Overdose Trends in the U.S.
According to the Centers for Disease Control (CDC), drug overdoses were the number one cause of injury-related deaths in the U.S. in 2019. While overdose rates peaked in 2017 and then declined the following year, those numbers increased again in 2019 when the country reached 70,000 deaths.
Recent provisional CDC data is also showing that overdose rates rose sharply between February and May 2020 during the coronavirus pandemic. Experts predict that the total overdose deaths for the year could be as high as 90,000, which is up significantly from 2019.
To put this landscape into perspective, 841,000 people have died from a drug overdose since 1999. In 2019 alone, more than 70,000 overdose deaths were reported. These rates are only increasing in most areas, especially regarding opioids and opioid combinations. Other stark figures worth mentioning are that:
Drug overdoses are now the leading cause of injury deaths in the U.S.
Among people aged 25 to 64, drug overdoses cause more deaths than motor vehicle accidents.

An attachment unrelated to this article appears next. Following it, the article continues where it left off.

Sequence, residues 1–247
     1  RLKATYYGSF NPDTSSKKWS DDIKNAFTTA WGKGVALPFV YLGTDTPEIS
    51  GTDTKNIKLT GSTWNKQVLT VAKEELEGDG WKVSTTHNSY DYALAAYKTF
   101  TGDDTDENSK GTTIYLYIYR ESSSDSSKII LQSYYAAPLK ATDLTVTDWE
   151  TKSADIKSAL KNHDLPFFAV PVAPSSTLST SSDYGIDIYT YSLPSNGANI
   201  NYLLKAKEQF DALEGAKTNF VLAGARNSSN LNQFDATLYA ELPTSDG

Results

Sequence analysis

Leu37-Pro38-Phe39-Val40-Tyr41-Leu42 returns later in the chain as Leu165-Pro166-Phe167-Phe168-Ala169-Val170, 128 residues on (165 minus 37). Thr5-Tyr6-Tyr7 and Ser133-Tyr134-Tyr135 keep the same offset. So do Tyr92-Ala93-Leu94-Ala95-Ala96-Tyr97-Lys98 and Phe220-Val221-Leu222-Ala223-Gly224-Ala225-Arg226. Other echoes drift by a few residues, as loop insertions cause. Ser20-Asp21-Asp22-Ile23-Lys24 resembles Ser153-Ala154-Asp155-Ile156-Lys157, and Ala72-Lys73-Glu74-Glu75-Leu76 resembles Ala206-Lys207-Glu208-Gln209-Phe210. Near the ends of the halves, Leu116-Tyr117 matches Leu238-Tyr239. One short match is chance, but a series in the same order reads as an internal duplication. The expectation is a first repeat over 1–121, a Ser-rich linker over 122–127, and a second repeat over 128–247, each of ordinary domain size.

The total number of overdose deaths is still significantly higher than other preventable causes of death such as HIV/AIDS, car accidents, and gun deaths.
While these stats are staggering, there are ways to prevent fatal overdoses from occurring. In this article, we map out the overdose trends across the U.S. as well as provide information on how drug overdoses occur and how to prevent them.
Other current trends include:
The highest overdose death rates occur in individuals aged 25 to 44.
Studies show that over 70% of overdoses in 2019 (a total of 49,860) were due to opioid-related drugs — particularly fentanyl. These rates are up significantly from 3,442 deaths in 1999 to 17,029 in 2017.
Psychostimulant overdoses from drugs like methamphetamine have skyrocketed from 547 in 1999 to 16,167 in 2019.
Overdose deaths involving cocaine and opioid combinations have been rising steadily each year (from 3,822 in 1999 to 15,883 in 2019).
Anti-depressant overdose death rates increased from 1,749 in 1999 to 5,269 in 2019.
On a lighter note, overdose deaths related to benzodiazepines declined from 11,537 in 2017 to 9,711 in 2019.
Heroin overdose deaths also declined somewhat from 15,469 in 2016 to 14,019 in 2019 (this could be partly due to the rise in fentanyl use).
Between 2018 and 2019, the largest increase in death rates involving synthetic opioids like fentanyl occurred in the western United States (67.9%).
In 2019, the biggest increase in overdose death rates involving psychostimulants like meth occurred in the northeast United States (43.8%).